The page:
Plus, it's nice to have the option to support smaller business rather than simply dumping your hard earned dough into the regular (major) chains. I know for me, selling on Etsy for the past two years has totally changed my views on where I put our money when it comes to gift buying in general. We have seen nothing but loyal, solid support and gratefulness from the people who purchase our teepees and seem to truly appreciate all those goes into a handcrafted item, even if it means waiting a little longer and paying a littler more for something with old fashioned quality construction. Makes me conscious of giving back to a community where so many others are making all kinds of very cool products sitting sweetly under the amazon radar. Not to mention, these folks are genuinely thankful for every order that rolls their way. So buying actually feels good for a change!

Don't get me wrong, we have our fair share of target / toys r' us runs for plastic batman figurines, hot wheels, skate gear and whatever else they happen to become enthralled with on TV commercials these days, but I try to balance a few of their "wants" with a healthy mix of unexpected picks like a few listed below.

Magic Cabin is one of my favorites this year - relying on "old fashioned make believe" products made here in the states, that feed an "innate need to intact with simple, natural toys and crafts"

For Rex: 

Cherry Tree Blocks - 
"Made from the salvaged branches of clear-cut cherry and alder, they are cut in precise increments of length to enable easy stacking and building. Make fantastical natural towers, gnome castles, jungle habitats and more" - all good things. I think R & L will enjoy these equally.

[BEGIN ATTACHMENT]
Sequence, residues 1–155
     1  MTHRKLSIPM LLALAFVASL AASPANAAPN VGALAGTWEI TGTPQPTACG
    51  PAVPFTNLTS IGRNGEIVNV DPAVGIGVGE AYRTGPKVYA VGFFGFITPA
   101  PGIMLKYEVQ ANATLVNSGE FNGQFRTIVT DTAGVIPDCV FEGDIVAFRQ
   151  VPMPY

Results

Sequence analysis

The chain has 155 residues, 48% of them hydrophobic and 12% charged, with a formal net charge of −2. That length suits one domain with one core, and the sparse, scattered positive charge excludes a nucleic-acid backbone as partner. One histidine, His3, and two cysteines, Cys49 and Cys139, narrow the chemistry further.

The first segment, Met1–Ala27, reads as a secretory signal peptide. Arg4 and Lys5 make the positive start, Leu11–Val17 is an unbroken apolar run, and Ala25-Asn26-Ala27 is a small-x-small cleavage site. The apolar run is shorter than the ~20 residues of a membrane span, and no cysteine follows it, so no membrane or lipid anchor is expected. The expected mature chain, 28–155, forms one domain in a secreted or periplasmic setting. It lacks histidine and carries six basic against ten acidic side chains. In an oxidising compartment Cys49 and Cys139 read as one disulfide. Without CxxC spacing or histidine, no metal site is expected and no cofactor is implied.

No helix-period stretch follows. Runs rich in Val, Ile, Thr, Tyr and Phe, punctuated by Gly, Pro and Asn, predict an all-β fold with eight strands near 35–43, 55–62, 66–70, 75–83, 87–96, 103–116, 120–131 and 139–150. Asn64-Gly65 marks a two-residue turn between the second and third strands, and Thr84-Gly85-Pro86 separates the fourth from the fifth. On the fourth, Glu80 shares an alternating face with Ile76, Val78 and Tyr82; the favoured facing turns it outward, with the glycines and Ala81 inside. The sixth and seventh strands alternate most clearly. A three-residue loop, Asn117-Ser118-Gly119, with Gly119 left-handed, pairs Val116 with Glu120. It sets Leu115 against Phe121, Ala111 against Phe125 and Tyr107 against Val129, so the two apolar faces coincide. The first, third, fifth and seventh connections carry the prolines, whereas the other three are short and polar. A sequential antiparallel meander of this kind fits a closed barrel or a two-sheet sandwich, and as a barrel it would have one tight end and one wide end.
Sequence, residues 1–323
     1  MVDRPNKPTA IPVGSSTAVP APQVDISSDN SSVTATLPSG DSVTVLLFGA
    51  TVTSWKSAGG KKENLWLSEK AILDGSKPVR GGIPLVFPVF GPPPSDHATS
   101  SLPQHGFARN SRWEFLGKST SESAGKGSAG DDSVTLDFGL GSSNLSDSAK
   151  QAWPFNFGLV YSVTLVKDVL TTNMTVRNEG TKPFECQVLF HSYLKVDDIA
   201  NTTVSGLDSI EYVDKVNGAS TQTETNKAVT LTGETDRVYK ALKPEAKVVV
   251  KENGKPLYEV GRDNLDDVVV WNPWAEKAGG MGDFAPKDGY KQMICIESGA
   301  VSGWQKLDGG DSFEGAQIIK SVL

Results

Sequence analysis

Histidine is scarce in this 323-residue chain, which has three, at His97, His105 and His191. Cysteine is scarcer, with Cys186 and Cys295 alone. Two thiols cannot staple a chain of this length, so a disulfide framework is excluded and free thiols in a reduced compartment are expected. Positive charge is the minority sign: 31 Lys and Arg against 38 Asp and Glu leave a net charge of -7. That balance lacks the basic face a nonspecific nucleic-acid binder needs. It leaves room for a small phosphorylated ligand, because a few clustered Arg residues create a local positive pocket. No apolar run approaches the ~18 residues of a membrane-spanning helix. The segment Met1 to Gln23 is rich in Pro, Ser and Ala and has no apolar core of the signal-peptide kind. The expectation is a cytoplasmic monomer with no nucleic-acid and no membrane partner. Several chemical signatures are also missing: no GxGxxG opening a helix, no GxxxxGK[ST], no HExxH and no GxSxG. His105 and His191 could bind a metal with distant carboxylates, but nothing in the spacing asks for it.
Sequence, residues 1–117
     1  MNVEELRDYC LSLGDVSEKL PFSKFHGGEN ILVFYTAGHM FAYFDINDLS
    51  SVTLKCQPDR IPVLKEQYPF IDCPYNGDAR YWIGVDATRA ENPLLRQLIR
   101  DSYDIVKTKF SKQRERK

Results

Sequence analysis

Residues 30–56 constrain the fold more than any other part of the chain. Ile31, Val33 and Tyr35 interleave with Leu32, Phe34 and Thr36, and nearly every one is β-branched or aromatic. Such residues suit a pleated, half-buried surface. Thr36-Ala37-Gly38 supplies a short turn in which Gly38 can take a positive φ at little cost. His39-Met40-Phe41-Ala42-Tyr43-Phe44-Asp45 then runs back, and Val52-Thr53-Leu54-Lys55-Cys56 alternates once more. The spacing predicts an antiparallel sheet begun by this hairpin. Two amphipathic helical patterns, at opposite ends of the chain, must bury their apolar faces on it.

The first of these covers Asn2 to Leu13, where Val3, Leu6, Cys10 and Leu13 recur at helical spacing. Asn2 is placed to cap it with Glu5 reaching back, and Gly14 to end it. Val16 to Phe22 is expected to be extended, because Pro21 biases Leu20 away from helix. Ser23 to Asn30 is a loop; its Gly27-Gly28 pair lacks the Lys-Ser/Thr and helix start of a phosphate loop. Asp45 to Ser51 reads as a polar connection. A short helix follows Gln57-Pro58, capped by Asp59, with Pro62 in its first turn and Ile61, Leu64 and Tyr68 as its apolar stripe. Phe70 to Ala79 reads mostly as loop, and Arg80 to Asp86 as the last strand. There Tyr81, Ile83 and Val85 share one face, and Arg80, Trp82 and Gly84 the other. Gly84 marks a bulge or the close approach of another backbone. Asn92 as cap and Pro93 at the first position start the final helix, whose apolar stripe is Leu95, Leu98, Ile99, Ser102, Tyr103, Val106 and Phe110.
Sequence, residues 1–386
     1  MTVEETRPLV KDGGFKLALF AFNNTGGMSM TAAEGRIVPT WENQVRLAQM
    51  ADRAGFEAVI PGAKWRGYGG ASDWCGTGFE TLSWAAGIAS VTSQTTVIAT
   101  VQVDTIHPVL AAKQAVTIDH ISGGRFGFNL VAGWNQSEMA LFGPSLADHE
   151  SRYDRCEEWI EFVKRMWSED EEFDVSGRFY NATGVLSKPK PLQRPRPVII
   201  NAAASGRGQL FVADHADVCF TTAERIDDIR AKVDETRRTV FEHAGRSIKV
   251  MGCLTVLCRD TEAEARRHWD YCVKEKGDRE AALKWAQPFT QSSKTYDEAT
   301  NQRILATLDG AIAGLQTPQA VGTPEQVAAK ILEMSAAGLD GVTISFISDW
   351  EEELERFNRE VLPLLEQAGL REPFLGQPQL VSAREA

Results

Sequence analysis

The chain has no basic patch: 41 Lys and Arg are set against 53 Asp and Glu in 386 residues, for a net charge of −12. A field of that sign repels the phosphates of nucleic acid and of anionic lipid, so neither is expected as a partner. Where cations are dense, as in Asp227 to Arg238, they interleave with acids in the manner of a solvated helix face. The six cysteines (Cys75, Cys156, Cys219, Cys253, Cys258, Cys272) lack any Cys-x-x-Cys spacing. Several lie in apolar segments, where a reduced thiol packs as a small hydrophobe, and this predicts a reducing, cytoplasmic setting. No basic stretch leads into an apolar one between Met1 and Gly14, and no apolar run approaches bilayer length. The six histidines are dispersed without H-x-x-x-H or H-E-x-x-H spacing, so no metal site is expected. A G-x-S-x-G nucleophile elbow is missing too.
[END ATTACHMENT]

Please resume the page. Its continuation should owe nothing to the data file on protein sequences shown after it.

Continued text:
Alder wood sculpture blocks 
Each of these sculptural versions are beautiful and fun to rearrange, even outside of it's intended shape. 

Lady Bug Maracas
Because they're just so cute. And cheap! 

Green Tones Beginner drum set
This little contraption is super fun. So much fun I had a hard time putting back in the box for safe keeping. I'm a sucker for all musical toys. 

8 piece Wood Doctor Kit
Best quality version I've seen yet. And not something he even knows he wants, which makes it that much better.

There you have it. I have my eye on a few other things here for Leon too, but for the most part (outside of super heros) he and Rex share the same interests so I have to be careful that I buy wisely for the two of them.  As for Arlo, I'll be sharing some of his gift picks as they come this month and next. As well as a few of my go to Etsy shops I visit all year round.

Oh and please, feel free to share any favorite toys picks of your own. Fresh recommendations are always welcome.

Tuesday, October 15, 2013

Scenes From a Weekend // Civil War

Sunday we took a short step back in time, down the street from our house where we experienced our first Civil War reenactment show.

In all honesty, I had my doubts going into something like this. Wondering about the people behind the event, spending all this time and energy trying to create such a fierce and bloody point in our nation's history for these traveling weekend shows seeming just a tad creepy for my tastes . . .  I had them pegged as battle hungry grown men with a penchant for old war glory. And worried that something of this nature might be too violent and confusing for Rex or Leon to fully grasp. That explaining "fake" deaths, from fake bullets might get tricky.

Turns out, I was mostly wrong about all of it. The folks participating seemed genuinely (if not exceptionally) nice - not socially inept war mongers but regular history buffs mixed - with what I'm guessing were a few theater hands with some acting backgrounds thrown in. The women in their petty coats and the girls in their bonnets were beautiful. The children involved were adorable and so incredibly polite. The grounds were set up great too. Very authentic detailing that was fun to wander around in. The worn pup tents, and booths filled with old fashioned toys and flags, clothes hang drying, old guns, dried snacks and home made dresses.

Watching the actual war play out wasn't so bad either. Nothing like I had imagined. In fact the boys seemed to pick up right away on the fantasy behind it all. The canons booming were their favorite. The horses, the uniforms and the dusty field band were mine.

In short, I'm glad we made it down to see it. It isn't every weekend you get to meet Abraham Lincoln, eat gold mine bubble gum while shopping for wood muskets and bumping into rebel forces between tents.

I say if you get the chance, try one of these shows out. Especially with little boys in tow. Mine usually don't agree on much, but this, they all three really enjoyed.

Father John Misty / video version 

civil war from Mrs. Habit on Vimeo.